Physicians and nurses have had to interact since nursing became a profession. The act of communication between nurses and physicians is a central activity in health care, and a failure to communicate has been linked with poor quality and patient errors. During the history of nursing, these interactions have been as different as each individual physician and nurse is different. The two professions have had to form relationships to accomplish their common goal: quality patient care (Manojlovich & DeCicco, 2007). The relationships between the professions have changed throughout the years, for the most part; evolving from the traditional “superiority” of the physician/nurse as a “handmaiden” relationship to one of collegial respect between nurse-physician (Schmalenberg & Kramer, 2009). Disruptive communication occurs with alarming frequency in both nurses and physicians, and both sets of professionals agree that such ways of communicating decreases patient safety.
Physician-nurse relationship and communication is something that has drawn interest for some time. In 1967, Stein reported that nurses’ relationships with physicians were based on a “game playing” model, in which nurses gave recommendations regarding care without appearing to direct or disagree with the physician (Sterchi, 2007). By the 1990’s the physician-nurse interactions had evolved into a model in which nurses used informal, overt strategies to involve themselves with physicians in the decision making process. Nurses used negotiation skills to convey their ideas and opinions to physicians, who in turn listened to the nurses (Sterchi, 2007). These changes in relationship increased nurses’ influence on patient-care decisions made by physicians. Miller and Thomas found that physicians perceived there to be higher levels of collaboration between physicians and nurses than did nurses (Sterchi, 2007).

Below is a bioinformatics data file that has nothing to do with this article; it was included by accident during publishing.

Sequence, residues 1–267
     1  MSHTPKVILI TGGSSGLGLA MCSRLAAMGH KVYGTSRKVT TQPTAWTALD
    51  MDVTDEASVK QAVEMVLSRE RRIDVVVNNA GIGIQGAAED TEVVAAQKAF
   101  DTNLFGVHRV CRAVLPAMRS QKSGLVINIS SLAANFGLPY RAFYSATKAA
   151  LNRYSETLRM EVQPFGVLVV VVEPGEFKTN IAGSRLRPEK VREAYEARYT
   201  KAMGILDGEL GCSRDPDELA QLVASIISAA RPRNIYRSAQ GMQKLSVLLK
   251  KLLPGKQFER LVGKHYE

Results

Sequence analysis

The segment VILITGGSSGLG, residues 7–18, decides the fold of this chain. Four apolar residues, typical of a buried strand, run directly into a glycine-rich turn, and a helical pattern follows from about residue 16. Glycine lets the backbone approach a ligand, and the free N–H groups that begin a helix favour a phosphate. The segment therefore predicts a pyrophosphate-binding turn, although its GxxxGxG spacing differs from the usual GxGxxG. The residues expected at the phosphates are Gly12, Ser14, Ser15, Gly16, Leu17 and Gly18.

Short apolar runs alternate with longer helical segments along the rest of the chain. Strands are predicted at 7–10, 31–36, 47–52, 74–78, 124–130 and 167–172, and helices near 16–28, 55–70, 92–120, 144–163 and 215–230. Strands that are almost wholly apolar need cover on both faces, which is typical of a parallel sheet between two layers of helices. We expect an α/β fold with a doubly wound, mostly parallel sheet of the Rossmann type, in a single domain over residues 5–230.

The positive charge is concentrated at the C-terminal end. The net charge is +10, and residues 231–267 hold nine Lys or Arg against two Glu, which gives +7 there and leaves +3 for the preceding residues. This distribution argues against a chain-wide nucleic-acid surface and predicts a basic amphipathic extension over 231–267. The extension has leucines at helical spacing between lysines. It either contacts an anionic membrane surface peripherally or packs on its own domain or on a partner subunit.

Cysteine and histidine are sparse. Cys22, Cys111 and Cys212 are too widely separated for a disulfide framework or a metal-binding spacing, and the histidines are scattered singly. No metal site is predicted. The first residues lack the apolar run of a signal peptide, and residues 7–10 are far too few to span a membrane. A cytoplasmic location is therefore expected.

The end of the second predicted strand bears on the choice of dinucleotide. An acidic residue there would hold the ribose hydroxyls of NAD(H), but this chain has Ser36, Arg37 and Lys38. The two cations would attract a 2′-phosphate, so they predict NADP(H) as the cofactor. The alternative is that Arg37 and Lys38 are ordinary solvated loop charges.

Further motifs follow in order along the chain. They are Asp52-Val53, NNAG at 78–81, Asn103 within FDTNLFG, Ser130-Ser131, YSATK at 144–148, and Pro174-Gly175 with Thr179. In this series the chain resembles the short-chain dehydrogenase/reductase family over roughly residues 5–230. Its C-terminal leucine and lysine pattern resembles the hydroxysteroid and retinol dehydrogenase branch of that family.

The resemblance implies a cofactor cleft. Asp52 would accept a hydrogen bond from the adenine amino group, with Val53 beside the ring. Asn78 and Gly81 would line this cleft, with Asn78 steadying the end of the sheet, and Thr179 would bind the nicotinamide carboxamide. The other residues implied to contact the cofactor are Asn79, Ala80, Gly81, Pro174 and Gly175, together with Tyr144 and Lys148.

It has also been found that communication between nurses and physicians tends to be better in areas where there is nursing specialization such as in an intensive care unit, Obstetrical department or in the Emergency department. The very nature of a specialty unit promotes teamwork and demands greater communication due to the acuity of the patient. In fact, Chaboyer and Patterson did a study and found that nurses who specialized in a certain area perceived greater levels of physician-nurse communication than did hospital generalist nurses (Sterchi, 2007).
Unfortunately, not every member of these professions has come around to this new way of thinking. A number of physicians still feel that nurses should stand up when they come through the nurses’ station, and be seen not heard when it comes to patient care. These tend to be the physicians that allow their attitude and arrogance to become disruptive and abusive, often times sacrificing quality care to prove the point (Sirota, 2007). Gender-related power issues still create problems, especially for female nurses in their working relationships with both male and female physicians. Nurses report that male physicians continue to exercise control over the largely female nurse group (Sirota, 2007).
Class can also play a factor in the Doctor-Nurse communication. Traditionally, most nurses came from lower social classes than most physicians and a difference in educational level is a factor affecting the balance of power. Dysfunctional relations impact job satisfaction, nurse retention, the nursing shortage, and the profession of nursing as a whole. Some nurses would rather leave the profession than deal with disruptive/abusive physicians and circumstances that lead them to feel helpless and victimized. Feelings of inferiority can lead to nurses not speaking up or giving their opinion about a specific problem with a patient, which can lead to poor patient outcome (Sirota, 2007).
Statistics show 70% of medical errors can be attributed to poor...